A short walk from Ryogoku Station and just down the road from the Sumida Hokusai Museum is Edo-yu Spa, a 24-hour oasis of comfort and relaxation.

After a morning trotting briskly around Ryogoku, an afternoon spent gently poaching in the lush confines of Edo-yu on Hokusai-dori was a treat for us.

Recommended Service
Cellular Voice and Data Plan - No Contract Required
Get a Japanese cell phone number, with voice calling and 7GB of monthly data, quickly and easily—in English—through our partner Mobal. No contract required, and flexible payment options. Bonus—the majority of profits go to charity!

Facilities and fees

Refurbished in 2007, using motifs from Hokusai, Sumida’s most famous son, and locally sourced materials, Edo-yu’s softly lit environs offer a full bouquet of spa services, sento facilities, relaxation rooms, and a restaurant, all under one roof.

A flat fee of ¥2,750 gets you a towel, indoor clothes, access to hot-stone beds, and more hot water than you can shake a stick at. Personally, I’ll pay pretty much whatever is asked for the chance to sit up to my chin in hundred-degree water. Nine baths and a selection of saunas, as well as the standard shower-bath facilities, don’t come cheap—but it’s worth it.



The unassuming exterior of Edo-yu Ryogoku. | Photo by Carey Finn

Cheapo hack: staying overnight at Edo-yu

Also, technically, if you’re traveling light, you can overnight here: the sento is open for 22 out of every 24 hours, closing only between 9 am and 11 am, and for an extra fee of ¥340 per hour between 1 am and 6 am, you can stay overnight. It’s definitely a good option for a late-night chillout, especially since it’s a short walk from Ryogoku Station. I can confirm that falling asleep in the relaxation room is easy. It’s quiet, warm and peaceful.

Etiquette and getting comfortable

Foreigners new to Japan’s onsen and sento may want to keep a few things in mind. One, most baths won’t admit people with tattoos, so either cover them up (within reason: a sheet of micropore over your backpiece won’t work) or look for a bath that admits the inked. Two, they likewise won’t admit anyone who is drunk. Three, they won’t admit anyone younger than junior high school age.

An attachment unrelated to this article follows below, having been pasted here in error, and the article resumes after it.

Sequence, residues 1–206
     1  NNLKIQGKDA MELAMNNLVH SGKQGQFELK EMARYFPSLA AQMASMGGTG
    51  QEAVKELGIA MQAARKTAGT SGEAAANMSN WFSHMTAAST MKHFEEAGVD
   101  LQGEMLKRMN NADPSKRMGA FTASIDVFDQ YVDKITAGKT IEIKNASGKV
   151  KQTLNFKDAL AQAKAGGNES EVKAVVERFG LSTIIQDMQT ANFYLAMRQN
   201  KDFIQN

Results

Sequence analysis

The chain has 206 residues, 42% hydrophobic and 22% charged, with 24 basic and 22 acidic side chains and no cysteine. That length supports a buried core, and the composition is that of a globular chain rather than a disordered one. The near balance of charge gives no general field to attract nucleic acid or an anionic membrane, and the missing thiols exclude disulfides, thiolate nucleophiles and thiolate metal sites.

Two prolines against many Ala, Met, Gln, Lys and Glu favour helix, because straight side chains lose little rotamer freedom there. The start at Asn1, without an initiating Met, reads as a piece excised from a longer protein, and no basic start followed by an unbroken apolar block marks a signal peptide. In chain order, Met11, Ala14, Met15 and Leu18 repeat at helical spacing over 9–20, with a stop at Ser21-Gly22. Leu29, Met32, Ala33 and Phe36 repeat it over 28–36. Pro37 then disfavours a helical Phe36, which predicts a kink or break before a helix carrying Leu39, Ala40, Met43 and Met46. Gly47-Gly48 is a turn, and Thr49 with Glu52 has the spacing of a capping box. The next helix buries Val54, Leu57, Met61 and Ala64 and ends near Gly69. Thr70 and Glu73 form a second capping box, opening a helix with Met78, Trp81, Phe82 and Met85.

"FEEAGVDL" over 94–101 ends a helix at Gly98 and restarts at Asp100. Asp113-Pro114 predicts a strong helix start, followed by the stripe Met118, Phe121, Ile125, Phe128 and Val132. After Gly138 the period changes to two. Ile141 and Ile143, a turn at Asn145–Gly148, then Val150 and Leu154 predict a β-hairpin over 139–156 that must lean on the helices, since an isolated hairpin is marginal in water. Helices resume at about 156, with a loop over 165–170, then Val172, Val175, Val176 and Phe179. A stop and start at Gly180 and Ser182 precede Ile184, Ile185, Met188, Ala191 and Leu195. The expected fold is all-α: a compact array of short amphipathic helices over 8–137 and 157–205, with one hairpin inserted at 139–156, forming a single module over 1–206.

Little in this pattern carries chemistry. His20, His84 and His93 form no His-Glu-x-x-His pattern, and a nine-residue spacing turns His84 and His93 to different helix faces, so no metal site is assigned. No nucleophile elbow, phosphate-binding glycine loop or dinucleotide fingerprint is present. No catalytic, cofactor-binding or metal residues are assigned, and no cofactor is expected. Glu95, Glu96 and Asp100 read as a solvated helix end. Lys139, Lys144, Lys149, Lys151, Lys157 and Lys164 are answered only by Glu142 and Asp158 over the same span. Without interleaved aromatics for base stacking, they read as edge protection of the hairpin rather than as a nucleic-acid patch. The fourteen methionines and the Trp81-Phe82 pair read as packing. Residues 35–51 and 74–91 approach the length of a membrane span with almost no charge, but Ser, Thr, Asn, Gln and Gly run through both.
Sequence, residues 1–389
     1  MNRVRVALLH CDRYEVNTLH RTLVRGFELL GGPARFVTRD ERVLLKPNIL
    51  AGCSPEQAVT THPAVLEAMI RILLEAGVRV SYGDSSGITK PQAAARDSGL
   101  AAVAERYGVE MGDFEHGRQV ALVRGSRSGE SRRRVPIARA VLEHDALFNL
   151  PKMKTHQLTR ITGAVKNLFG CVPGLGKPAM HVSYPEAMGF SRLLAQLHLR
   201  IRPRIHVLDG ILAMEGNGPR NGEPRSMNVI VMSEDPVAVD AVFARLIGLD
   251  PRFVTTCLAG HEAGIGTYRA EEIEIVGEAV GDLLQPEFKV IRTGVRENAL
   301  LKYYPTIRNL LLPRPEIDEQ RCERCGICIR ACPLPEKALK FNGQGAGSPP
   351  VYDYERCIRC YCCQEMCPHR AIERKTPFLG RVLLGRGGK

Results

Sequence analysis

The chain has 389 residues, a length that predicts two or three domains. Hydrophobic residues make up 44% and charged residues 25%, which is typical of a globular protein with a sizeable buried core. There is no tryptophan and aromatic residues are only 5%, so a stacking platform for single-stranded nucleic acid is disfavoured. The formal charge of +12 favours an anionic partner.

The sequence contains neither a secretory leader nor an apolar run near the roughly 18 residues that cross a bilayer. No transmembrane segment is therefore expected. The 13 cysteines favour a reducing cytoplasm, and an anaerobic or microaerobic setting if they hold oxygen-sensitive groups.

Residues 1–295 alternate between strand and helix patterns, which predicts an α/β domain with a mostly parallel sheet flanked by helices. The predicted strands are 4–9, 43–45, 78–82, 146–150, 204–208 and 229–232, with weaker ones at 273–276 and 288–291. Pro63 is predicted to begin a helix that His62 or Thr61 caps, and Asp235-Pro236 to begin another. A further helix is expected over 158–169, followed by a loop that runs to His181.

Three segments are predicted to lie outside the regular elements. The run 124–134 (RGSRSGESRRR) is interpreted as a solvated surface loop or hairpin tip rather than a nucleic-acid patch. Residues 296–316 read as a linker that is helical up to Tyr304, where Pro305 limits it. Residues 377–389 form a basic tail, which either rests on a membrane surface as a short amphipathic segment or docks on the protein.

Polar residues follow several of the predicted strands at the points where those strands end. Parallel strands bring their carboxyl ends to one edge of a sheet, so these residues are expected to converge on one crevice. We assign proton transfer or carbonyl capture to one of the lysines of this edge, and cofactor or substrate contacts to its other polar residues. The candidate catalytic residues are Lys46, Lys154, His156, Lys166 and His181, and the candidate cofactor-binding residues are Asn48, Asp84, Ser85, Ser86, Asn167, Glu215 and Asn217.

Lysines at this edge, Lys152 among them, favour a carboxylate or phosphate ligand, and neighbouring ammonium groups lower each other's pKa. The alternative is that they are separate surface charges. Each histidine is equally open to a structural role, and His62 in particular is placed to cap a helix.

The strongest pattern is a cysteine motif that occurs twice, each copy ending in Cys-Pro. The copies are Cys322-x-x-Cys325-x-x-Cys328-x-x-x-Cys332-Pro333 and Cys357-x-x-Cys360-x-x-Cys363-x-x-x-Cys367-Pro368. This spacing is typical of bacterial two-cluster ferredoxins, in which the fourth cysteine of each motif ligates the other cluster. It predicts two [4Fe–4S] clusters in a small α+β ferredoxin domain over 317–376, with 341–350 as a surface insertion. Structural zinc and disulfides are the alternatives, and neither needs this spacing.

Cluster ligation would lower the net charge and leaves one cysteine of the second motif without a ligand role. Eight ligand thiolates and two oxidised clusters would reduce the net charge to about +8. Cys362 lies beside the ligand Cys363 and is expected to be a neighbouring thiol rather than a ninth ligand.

And four: you’re going to be naked in front of strangers. Clothing in the bath area is not just discouraged, it’s forbidden, so forget about sneaking in your Speedo. You undress in a locker room and proceed, in stately status quo, into the bathing area, where you wash clean before stepping into the baths themselves (and do step: dive, and you’ll be escorted out). Most Japanese public baths and hot springs are gender-segregated, but even so—for many of us, group nudity smacks of the high-school locker room and attendant body anxiety. Let all of that go. Do not let it stand between you and the glory that is Edo-yu. Nobody cares, anyway.*

Edo-yu is a little on the pricey side, but it’s yen well spent. And after an hour parboiling in the gorgeous, chin-deep baths, you’ll realise that money isn’t all that important anyway.

*Pretty much nobody. But, a note to masculine-of-center women or feminine-of-center men: an attendant may try to direct you to the wrong side, or for a fellow bather might gingerly approach you with the intention of telling you (politely) that you’re in the wrong locker room. The chances of this happening drop sharply once you’re naked, so shuck off those clothes stat.

Written by:
Filed under: Lifestyle | Things to do
Ask our local experts about Tokyo

Get our Tokyo Cheapo Hacks direct to your inbox

Watch this next

Recommended hotels located nearby